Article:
Less that 6 months have passed since the last election and the members of the Concord City Council have already forgotten who voted for them and who put them in office. The Concord City Council needs to stop looking at future property tax revenue and future sales tax revenue as a way to approve future development, because they don’t bother to look at the negative aspects of the type of development they want, they’re only looking at potential revenue dollars. It’s time that the Concord City Council start representing the citizens and residents of Concord and what we want, not what the 5 of them want, not what staff wants, not what they believe the future population of Concord wants, not what developers want, but again, WHAT WE WANT!!!!!!!!!

Lars Anderson March 10, 2019 at 11:09 AM

I myself am aghast that Tiim McGallian, who was elected to the council by nobody (he was appointed to the council by the Concord PD labor union, and ran unopposed) – is sitting on the council making decisions.
Actually, the Concord POA tells McGallian how to vote most of the time, but occasionally some small decision will come along that McGallian will get to weigh in on. While McGallian has a vote on the council not a single Concord resident has voted for him to be a council person – he has no mandate whatsoever!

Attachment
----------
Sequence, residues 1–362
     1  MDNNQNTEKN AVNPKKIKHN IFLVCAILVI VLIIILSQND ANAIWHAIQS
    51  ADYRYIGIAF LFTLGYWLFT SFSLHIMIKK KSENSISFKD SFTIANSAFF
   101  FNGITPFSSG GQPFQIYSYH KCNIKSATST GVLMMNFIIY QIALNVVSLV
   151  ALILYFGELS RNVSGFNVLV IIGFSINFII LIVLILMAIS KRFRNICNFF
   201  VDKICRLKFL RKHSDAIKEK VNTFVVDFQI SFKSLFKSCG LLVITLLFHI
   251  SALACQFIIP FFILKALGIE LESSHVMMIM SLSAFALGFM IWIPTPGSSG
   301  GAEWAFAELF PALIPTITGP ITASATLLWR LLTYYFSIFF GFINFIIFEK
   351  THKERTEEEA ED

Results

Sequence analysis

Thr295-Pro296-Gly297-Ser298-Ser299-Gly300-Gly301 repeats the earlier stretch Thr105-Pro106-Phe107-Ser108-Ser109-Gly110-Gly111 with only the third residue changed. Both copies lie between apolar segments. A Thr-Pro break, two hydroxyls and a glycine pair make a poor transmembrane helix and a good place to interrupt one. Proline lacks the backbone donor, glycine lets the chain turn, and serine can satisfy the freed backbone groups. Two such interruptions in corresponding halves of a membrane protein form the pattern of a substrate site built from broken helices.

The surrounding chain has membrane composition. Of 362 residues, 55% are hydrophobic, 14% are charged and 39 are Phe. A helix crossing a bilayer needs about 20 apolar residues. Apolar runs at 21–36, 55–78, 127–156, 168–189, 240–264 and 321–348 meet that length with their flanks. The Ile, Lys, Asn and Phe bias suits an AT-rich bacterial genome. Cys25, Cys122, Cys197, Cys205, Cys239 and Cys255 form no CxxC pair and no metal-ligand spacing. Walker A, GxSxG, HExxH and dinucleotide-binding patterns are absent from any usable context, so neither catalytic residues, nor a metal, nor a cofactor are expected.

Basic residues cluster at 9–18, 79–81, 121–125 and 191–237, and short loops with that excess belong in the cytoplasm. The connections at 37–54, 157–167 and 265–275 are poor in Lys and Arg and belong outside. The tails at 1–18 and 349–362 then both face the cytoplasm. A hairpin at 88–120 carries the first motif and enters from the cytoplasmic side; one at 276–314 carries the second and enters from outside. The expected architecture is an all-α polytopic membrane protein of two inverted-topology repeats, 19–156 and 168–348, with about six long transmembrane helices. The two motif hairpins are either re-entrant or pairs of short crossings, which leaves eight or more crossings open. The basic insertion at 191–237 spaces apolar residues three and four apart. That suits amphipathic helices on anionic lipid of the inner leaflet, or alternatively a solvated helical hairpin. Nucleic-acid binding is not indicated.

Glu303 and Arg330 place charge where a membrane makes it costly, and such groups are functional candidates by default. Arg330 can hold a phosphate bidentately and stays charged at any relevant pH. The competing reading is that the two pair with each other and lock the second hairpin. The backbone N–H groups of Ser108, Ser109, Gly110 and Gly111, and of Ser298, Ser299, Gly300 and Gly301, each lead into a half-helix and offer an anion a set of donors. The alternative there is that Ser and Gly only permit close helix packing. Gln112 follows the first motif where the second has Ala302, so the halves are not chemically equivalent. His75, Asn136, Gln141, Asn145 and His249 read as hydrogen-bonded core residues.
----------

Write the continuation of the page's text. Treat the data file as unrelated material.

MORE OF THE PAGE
I myself recall vividly the statement McGallian gave when he submitted his papers for the open city council seat. In his statement McGallian said Concord “greatness” as a city “begins” with our police department. That statement was so ludicrous.
Concord is a great city, McGallian believes, because we do such a great job arresting and jailing people! And, as I continually report, we are doing this in the most expensive possible way that we can, ludicrously overpaying the Concord PD officers,
Is it any wonder the bigwigs at the Concord PD rolls the council – and City Manager Barone – year after year come budget time – given that we have people on the council who believe we have a ‘great city” because we have got the most opulent PD station, the newest PD cars, the meanest police dogs, and more managers at the PD making way more money than managers in adjacent cities do?

Winston March 10, 2019 at 1:56 PM

The City Council doesn’t want nice apartments. They want Concord to be a ghetto. The reason they rejected Avalon Bay is the Avalon Bay project was an unsubsidized market rate project to be built by non-union labor. that they only want welfare housing built by union slugs so that they have a built in captive voter base.

THE BLACK KNIGHT March 10, 2019 at 9:27 PM

Lars Anderson,

I understand what you’re saying about Vice Mayor Tim McGallian effectively being “elected” to the Concord City Council by the other members of the council that APPOINTED him to that position. To be fair, although Tim McGallian did run unopposed for the Concord City Council – District 5 in the 2018 general election, he did receive 7,828 votes of 10,988 ballots returned or 71.24% of ballots. Unfortunately, any candidate for office that runs unopposed almost always receives a majority of the votes cast, simply because voters don’t like to return a ballot having not voted for an unopposed candidate or don’t want to take the time to write-in a candidate.

THE BLACK KNIGHT March 12, 2019 at 9:27 PM

Winston,